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I thought about writing a language for the sake of writing a language, and now that I'm done with the parser and the AST, I have to do something about the library. Specifically, basic types.

I'm going to use a very basic intermediate representation before I pass that down to LLVM and get native code that way. Though, since my internal representation is extremely basic, it does not support any way to define an int in itself; so the type somehow has to "break through the Matrix" and exist on a lower-level than the other non-primitive types.

This is not the object of my question. Feel free to comment, but that's not what it's about.

The real thing is that, in the process of trying to see how others did it, a friend of mine reflected the System.Int32 class from the .NET Framework (on my end I tried with Mono, and it does the same thing). And it found that it contains a single field:

System.Int32 m_value;

And I don't even see how that's possible.

This int really is the "backing integer" of the one you have: if you box an int and use reflection to change the value of its m_value field, you effectively change the value of the integer:

object testInt = 4;
Console.WriteLine(testInt); // yields 4

typeof(System.Int32)
    .GetField("m_value", BindingFlags.NonPublic | BindingFlags.Instance)
    .SetValue(testInt, 5);
Console.WriteLine(testInt); // yields 5

There's gotta be a rational explanation behind this singularity. How can a value type contain itself? It simply makes no sense. And it's not just there to look good: changing the internal value for another System.Int32 works. What magic does the CLR use to make it work?

My world just collapsed.

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3 Answers 3

up vote 3 down vote accepted

As noted, a 32-bit integer can exist in two varieties. Four bytes anywhere in memory or a CPU register (not just the stack), the fast version. And it can be embedded in System.Object, the boxed version. The declaration for System.Int32 is compatible with the latter. When boxed, it has the typical object header, followed by 4 bytes that stores the value. And those 4 bytes map exactly to the m_value member. Maybe you see why there's no conflict here: m_value is always the fast, non-boxed version. Because there is no such thing as a boxed boxed integer.

Both the language compiler and the JIT compiler are keenly aware of the properties of an Int32. The compiler is responsible for deciding when the integer needs to be boxed and unboxed, it generates the corresponding IL instructions to do so. And it knows what IL instructions are available that allows the integer to be operated on without boxing it first. Readily evident from the methods implemented by System.Int32, it doesn't have an override for operator==() for example. That's done by the CEQ opcode. But it does have an override for Equals(), required to override the Object.Equals() method when the integer is boxed. Your compiler needs to have that same kind of awareness.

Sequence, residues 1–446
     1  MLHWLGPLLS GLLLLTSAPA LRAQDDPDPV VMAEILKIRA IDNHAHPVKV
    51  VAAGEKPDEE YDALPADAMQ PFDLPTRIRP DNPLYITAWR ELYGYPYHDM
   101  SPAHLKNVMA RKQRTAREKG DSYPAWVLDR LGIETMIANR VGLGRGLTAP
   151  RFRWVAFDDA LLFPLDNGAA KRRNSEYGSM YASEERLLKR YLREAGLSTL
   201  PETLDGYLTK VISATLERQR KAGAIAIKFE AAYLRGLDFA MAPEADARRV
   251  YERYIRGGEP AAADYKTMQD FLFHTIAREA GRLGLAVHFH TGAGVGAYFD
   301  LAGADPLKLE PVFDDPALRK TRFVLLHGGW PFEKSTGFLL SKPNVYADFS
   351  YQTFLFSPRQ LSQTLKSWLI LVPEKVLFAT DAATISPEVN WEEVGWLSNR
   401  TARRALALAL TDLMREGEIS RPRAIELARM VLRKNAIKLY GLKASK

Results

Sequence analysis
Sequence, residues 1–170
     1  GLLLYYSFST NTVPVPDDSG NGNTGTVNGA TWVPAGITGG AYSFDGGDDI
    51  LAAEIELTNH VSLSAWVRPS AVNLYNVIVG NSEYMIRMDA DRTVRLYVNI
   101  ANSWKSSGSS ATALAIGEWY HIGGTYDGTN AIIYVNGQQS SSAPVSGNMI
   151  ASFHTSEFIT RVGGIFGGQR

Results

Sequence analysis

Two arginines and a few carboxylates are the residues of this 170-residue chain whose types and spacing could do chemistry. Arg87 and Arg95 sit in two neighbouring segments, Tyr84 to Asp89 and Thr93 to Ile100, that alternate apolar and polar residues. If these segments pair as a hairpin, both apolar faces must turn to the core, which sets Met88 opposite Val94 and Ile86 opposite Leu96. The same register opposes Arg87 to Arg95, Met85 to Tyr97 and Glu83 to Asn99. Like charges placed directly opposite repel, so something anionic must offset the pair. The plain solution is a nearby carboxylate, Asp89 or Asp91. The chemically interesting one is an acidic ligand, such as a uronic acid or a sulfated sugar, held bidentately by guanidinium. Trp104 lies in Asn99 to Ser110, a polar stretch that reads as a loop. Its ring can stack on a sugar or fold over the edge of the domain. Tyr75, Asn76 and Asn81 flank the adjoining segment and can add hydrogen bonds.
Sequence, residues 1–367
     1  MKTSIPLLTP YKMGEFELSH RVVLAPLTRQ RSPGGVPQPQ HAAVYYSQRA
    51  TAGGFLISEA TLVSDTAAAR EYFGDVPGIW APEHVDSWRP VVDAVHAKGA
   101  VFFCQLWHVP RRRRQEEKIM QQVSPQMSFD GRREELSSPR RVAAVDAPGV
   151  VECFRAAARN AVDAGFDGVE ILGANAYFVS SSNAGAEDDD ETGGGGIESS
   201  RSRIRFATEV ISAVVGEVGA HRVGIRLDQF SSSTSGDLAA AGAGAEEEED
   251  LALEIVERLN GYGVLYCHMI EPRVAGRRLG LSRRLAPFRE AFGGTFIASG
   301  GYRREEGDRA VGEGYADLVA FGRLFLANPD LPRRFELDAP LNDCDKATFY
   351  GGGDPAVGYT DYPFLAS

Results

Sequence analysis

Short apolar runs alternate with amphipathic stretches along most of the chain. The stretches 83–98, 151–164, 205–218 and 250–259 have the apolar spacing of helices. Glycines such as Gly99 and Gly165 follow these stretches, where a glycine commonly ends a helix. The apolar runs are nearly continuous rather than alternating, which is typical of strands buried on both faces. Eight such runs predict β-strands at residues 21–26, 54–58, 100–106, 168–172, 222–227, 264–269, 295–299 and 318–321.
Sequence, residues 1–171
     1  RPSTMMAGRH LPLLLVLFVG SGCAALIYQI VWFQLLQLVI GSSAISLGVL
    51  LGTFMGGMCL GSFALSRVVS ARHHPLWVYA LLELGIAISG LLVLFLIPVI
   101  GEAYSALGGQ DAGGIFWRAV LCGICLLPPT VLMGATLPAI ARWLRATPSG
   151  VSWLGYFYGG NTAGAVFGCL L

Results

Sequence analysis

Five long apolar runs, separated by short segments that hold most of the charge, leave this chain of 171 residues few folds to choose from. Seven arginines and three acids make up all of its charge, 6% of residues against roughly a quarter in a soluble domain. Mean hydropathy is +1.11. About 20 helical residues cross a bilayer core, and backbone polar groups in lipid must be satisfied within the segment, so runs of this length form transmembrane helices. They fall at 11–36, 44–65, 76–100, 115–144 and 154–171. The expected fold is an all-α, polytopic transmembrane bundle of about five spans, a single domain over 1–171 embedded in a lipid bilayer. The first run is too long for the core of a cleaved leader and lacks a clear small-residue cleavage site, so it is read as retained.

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Check out this thread for a laborious discussion of this mystery.

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The magic is actually in the boxing/unboxing.

System.Int32 (and its alias int) is a value type, which means that it's normally allocated on the stack. The CLR takes your System.Int32 declaration and simply turns it into 32 bits of stack space.

However, when you write object testInt = 4;, the compiler automatically boxes your value 4 into a reference, since object is a reference type. What you have is a reference that points to a System.Int32, which is now 32 bits of space on the heap somewhere. But the auto-boxed reference to a System.Int32 is called (...wait for it...) System.Int32.

What your code sample is doing is creating a reference System.Int32 and changing the value System.Int32 that it points to. This explains the bizarre behavior.

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The point is that System.Int32 is a value type but yet contains another System.Int32, not that I can magically change its value through reflection. That, or I didn't understand your answer. –  zneak Jul 30 '10 at 20:50
    
@zneak, I think what's happening is that the System.Int32 that you reflect on is the reference version. The value gets treated by the compiler as magic, which avoids the infinite loop. This is supported by the link in Jason's answer. –  JSBձոգչ Jul 30 '10 at 21:03
    
Downvoted because value types have no requirement to be stored on the stack. A reference type which contains a value type and is allocated on the heap is obviously not stored on the stack. A closed-over local value type is not stored on the stack. A local value type hoisted from an iterator method is not stored on the stack. –  James Dunne Nov 21 '12 at 19:15

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